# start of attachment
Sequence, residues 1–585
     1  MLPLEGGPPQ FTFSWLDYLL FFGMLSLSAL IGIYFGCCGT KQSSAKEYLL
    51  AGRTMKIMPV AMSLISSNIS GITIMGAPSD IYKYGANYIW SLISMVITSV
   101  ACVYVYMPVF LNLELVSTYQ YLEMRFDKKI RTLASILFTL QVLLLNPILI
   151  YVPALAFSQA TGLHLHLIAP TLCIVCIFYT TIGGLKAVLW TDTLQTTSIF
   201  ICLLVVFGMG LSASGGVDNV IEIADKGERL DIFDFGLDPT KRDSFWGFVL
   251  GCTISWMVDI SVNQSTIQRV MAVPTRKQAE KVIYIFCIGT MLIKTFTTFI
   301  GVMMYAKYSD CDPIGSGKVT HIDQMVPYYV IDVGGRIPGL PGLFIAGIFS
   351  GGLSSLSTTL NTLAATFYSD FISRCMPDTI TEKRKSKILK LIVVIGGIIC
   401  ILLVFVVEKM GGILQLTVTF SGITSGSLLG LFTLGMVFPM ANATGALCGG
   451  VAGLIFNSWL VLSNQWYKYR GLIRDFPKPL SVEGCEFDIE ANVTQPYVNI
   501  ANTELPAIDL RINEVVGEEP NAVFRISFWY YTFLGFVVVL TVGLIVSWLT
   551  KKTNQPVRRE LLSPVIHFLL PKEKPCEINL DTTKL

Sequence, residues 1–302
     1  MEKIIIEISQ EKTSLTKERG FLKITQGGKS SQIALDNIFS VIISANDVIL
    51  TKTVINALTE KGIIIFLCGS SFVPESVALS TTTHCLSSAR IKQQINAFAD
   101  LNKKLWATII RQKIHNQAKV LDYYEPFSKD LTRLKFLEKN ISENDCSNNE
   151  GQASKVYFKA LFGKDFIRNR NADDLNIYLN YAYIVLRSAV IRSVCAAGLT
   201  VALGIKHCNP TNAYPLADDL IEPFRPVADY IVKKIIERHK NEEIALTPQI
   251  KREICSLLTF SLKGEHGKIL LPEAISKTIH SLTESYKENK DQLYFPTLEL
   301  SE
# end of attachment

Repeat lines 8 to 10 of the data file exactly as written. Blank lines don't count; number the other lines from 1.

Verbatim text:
   301  GVMMYAKYSD CDPIGSGKVT HIDQMVPYYV IDVGGRIPGL PGLFIAGIFS
   351  GGLSSLSTTL NTLAATFYSD FISRCMPDTI TEKRKSKILK LIVVIGGIIC
   401  ILLVFVVEKM GGILQLTVTF SGITSGSLLG LFTLGMVFPM ANATGALCGG